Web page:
FRANKFURT, Germany – Hope Solo believes her refusal to resort to dirty tricks may have cost the United States the Women's World Cup.
The USA goalkeeper shunned the underhanded but commonly used soccer trick of exaggerating an injury during the final minutes of Sunday's dramatic loss to Japan, instead choosing to play on until the pain become too much to bear.
Four years ago, Solo believed she would have been the difference in the team's World Cup chances if she had not been benched for the semifinal. This time around she insisted that she, or at least her conscience, might be to blame for a stunning upset defeat.
[Photos: More images of U.S. goalie Hope Solo]
Solo injured her knee in a collision with Japan's Yukari Kinga early in the second period of extra-time with the Americans leading by a goal.
She opted not to receive treatment at the time, in stark contrast to the often-theatrical antics many players choose to adopt in such situations. During the USA's thrilling quarterfinal victory over Brazil, the Brazilian players continually feigned injury while leading late in the game in an attempt to kill clock.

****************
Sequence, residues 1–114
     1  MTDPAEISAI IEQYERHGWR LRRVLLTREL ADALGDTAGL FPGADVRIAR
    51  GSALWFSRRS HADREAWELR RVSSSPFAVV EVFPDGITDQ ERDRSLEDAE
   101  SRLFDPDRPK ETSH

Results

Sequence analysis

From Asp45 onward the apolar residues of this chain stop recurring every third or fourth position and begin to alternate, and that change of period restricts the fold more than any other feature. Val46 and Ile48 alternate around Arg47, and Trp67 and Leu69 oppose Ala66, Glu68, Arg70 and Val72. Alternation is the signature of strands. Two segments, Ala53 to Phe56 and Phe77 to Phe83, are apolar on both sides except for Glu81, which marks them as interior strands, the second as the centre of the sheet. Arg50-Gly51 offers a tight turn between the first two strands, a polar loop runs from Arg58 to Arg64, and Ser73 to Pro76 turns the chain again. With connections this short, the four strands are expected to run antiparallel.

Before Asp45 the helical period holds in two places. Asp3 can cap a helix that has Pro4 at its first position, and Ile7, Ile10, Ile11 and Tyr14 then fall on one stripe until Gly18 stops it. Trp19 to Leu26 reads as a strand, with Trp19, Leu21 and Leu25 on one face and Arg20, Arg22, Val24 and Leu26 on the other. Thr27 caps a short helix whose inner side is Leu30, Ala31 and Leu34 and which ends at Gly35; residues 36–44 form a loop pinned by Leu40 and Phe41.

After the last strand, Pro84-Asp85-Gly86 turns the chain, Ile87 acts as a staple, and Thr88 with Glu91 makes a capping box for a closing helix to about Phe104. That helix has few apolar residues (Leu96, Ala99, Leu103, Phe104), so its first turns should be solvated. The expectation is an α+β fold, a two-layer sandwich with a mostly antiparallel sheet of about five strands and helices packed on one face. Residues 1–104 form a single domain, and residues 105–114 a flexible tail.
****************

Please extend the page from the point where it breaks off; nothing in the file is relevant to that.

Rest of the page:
But Solo's knee complaint worsened, and by the time there were only four minutes of extra time left she had no option but to call for the trainer and play was halted while she was treated on the field.
The break gave Japan time to compose its thoughts prior to a corner kick which immediately followed. From a corner, captain Homare Sawa produced one of the goals of the tournament, a superb flick with the outside of her right foot that flew past Solo and into the net.
"Part of me wishes I had never gone down to keep the team's confidence up," Solo said. "There was an option earlier on of going down and getting the trainer on and doing the antics. I wanted to get up, I didn't want to win that way. But I wonder now if I did the right thing."
Solo was one of the stars of the tournament as her goalkeeping ability, looks and no-nonsense attitude won over an army of new fans. She had little to do for long stretches during the final with the USA dominating most of the game only to be sunk when Japan equalized late in regulation time, again toward the end of extra-time, and then prevailed on penalties.
The 29-year-old saved from Yuki Nagasato in the shootout, but could not prevent Aya Miyama, Mizuho Sakaguchi and Saki Kumagai from converting the kicks that gave Japan the trophy for the first time.
Solo admitted that she felt stunned by the turnaround which denied the USA its first World Cup since 1999.
"I really felt like it was our tournament to win," she said. "It was a weird feeling tonight. It was just a strange game and it feels strange now to be here and getting ready to leave Germany – and we didn't win the World Cup."
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